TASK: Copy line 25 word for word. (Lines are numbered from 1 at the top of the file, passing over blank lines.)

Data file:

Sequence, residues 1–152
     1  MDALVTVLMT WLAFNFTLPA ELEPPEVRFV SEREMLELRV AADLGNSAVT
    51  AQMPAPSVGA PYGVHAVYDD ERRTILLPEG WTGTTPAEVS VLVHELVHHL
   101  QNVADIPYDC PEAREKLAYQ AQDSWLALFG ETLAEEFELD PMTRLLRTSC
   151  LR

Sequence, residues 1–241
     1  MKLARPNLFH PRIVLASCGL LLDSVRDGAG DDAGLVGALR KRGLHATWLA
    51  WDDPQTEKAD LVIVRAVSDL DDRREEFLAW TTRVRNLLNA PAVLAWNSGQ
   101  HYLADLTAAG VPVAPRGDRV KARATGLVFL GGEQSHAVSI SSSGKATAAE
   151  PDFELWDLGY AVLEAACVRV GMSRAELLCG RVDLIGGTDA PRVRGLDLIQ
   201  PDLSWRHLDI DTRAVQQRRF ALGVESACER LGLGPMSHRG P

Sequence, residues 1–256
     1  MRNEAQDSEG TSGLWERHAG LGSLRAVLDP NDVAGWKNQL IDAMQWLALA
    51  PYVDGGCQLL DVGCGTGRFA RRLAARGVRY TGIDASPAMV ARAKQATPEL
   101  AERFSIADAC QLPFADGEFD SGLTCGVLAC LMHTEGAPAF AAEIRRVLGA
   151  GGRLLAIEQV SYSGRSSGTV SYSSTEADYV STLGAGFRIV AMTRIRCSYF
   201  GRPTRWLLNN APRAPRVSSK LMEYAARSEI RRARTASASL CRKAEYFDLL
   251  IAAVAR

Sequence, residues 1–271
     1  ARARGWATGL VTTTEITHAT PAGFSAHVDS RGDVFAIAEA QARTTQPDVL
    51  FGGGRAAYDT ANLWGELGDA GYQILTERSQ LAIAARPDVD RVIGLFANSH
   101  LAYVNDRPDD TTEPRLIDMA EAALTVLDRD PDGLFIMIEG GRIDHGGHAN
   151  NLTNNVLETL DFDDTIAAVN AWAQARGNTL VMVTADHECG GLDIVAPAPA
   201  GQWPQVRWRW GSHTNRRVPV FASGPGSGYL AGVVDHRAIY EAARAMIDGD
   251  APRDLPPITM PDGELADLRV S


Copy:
   251  APRDLPPITM PDGELADLRV S